You might have read that title and thought it was a typo…or just a weird post about repurposing old jerseys. But it’s so not! Your life is about to get so much easier, all thanks to the magic of uniform numbers.
So remember last week when we talked about the single high safety and how to find him on the field? That one was pretty simple, because you know that the one guy hanging out up top is the single high safety. It’s as close to self-explanatory as you’ll get in the NFL.
But what if you’re trying to figure out where the rest of the defensive backs are and you’re just not sure based on the formation alone?
That’s the beauty of uniform numbers.
In the NFL, players must to adhere to specific rules when it comes to picking their number. They have to select a number that is within the range for their position.
Each position in the NFL is identified by a specific range of uniform numbers.
What are those numbers and ranges? I made you a printable for you so you’ll have them handy all season long! (Just click the “Print Me!” icon below. A new window will open up and you can print the image by selecting File>Print in your browser. Enjoy!)
[ilink url=”http://www.footballfornormalgirls.com/wp-content/uploads/2013/05/Pocket-Guide-to-NFL-Uniform-Numbers.jpg” style=”download”]Print Me![/ilink]
Ok, so how do we infuse this newfound knowledge into game day?
Let’s take a look at one of the screen shots from last Wednesday’s post.
It’s fairly obvious that this is Cover 1. We see Earl (hi, Earl!) hanging out up top. Also, he’s circled and the text beneath him says, “single high safety.”
I aim to please here, people.
So we know where Earl is – but where are the rest of the defensive backs? Are the three players in the second level linebackers? Which of the players on the defensive line are actually defensive linemen?
If you know your team well, you might know just based on what personnel your team usually fields. You know the players on the field. But if you don’t know the team, you can use three clues – uniform number, context, and the roster – to know who is on the field even if you don’t actually know who is on the field.
Let’s take a look at this play from a different angle and use our first clue to determine who’s on the field.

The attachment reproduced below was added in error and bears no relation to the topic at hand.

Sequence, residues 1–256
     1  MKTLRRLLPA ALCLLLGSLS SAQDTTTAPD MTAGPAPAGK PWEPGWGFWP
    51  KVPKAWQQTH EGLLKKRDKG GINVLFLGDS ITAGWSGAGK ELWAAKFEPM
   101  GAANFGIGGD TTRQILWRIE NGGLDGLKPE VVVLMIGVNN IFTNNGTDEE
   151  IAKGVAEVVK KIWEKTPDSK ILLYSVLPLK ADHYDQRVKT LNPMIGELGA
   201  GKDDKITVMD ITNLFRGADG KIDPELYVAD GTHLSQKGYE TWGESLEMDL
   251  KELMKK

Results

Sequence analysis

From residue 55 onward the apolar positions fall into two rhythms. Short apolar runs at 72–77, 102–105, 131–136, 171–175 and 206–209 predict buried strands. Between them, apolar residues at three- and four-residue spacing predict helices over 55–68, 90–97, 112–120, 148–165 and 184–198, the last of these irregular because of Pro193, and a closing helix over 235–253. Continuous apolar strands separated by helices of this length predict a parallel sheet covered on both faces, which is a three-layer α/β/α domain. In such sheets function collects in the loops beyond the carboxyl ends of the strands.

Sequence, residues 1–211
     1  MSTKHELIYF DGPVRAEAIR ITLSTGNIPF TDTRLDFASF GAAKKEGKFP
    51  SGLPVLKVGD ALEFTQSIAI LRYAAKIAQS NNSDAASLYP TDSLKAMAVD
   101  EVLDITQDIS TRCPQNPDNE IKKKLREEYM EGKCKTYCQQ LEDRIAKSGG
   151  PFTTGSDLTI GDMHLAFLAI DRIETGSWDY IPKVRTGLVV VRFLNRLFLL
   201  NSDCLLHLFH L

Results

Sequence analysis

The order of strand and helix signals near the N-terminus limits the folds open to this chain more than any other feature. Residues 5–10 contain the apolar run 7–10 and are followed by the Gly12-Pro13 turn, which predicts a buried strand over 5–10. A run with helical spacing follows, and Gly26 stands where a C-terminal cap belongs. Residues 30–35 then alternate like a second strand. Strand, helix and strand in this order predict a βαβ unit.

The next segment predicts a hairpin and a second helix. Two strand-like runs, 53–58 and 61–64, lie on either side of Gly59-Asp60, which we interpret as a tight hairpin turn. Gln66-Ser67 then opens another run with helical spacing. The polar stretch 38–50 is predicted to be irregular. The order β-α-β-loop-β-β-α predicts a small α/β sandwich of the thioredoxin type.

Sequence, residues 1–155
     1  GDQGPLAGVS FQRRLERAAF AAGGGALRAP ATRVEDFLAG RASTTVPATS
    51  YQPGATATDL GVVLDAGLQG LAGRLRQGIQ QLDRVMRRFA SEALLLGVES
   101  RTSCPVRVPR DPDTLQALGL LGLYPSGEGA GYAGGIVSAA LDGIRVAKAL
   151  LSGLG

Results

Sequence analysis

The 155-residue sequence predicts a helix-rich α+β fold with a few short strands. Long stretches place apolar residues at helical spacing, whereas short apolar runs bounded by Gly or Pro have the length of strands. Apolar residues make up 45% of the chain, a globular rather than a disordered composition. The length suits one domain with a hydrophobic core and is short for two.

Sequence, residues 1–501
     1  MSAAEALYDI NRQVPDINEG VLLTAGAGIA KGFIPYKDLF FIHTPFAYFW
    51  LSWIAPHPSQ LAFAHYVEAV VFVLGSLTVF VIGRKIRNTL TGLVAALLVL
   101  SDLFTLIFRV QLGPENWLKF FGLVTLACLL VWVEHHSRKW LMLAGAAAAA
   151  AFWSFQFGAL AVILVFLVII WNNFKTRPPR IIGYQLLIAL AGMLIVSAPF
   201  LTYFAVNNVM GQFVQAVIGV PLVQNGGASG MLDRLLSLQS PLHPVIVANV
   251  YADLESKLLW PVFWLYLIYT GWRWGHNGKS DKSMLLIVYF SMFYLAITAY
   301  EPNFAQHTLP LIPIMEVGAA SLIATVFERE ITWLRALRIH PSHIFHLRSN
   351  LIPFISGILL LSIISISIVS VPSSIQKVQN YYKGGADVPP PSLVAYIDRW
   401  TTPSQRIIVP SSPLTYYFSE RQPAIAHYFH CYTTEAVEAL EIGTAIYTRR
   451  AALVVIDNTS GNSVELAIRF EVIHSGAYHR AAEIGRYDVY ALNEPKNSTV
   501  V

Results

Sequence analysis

Using a combination of the screenshot and the video, we can see everyone’s jersey and determine their position based on their number. Let’s work left to right across each level in the formation:
25: Defensive back
69: Defensive lineman
92: Defensive lineman or linebacker
79: Defensive lineman
39 (not shown): Defensive back
31: Defensive back
29: Defensive back
It’s pretty cut and dry just from a survey of the uniform numbers. The only question is 92 – is he a linebacker or a lineman? We can figure that out by looking onto Clue 2.
Let’s take a look at this situation: 92 is in between two other defensive linemen. He’s in a 3-point stance, and a quick Google search tells us that he’s 300+ lbs – much too big for the typical linebacker. From the context we can tell that he’s more than likely a defensive tackle, which would make the other d-linemen next to him defensive ends. But to be sure we can always move to Clue 3, which is almost always* the golden ticket.
*Almost always – because a player can report as a different position than his uniform number indicates. We’ll be talking about that more next week!
We can be 100% sure of who’s on the field by using the Seahawks 2012 Roster.
25: Cornerback (Richard Sherman)
57: Linebacker (Michael Morgan)
69: Defensive end (Clinton McDonald)
92: Defensive tackle (Brandon Mebane)
79: Defensive end (Red Bryant)
50: Linebacker (K.J. Wright)
39: Cornerback (Brandon Browner)
56: Linebacker (Leroy Hill)
54: Linebacker (Bobby Wagner)
31: Safety (Kam Chancellor)
29: Safety (Earl Thomas)
When we match the players to their positions to their jerseys, the whole picture makes a lot more sense than it might have initially:
It makes sense that the corners are on the edges, that there are three down linemen, that the linebackers are coming up front as pass rushers, and that the strong safety is in the second level playing zone. Adding all of the pieces together makes an effective whole, and also teaches us a lot more about what the defense was going for on this play. From this look, it seems like the defense was probably expecting a running play, since they’ve stuffed so many guys in the box.
Now, realistically, are you going to have time to do this level of breakdown before the snap of every play? Probably not. The game happens – and changes! – much too quickly for that. You might not have time to figure out every player at every position, but you’ll more than likely be able to spot that one player who made a difference on the last play and figure out who he is by using the workflow you learned today – number, context, roster – and by knowing all of the basics you’ve learned so far.
Because you’re just that good!
But just in case you need a little extra practice, we’ll be going over this again in Wednesday’s film room post. Let’s consider it our OTA for the week. See you then!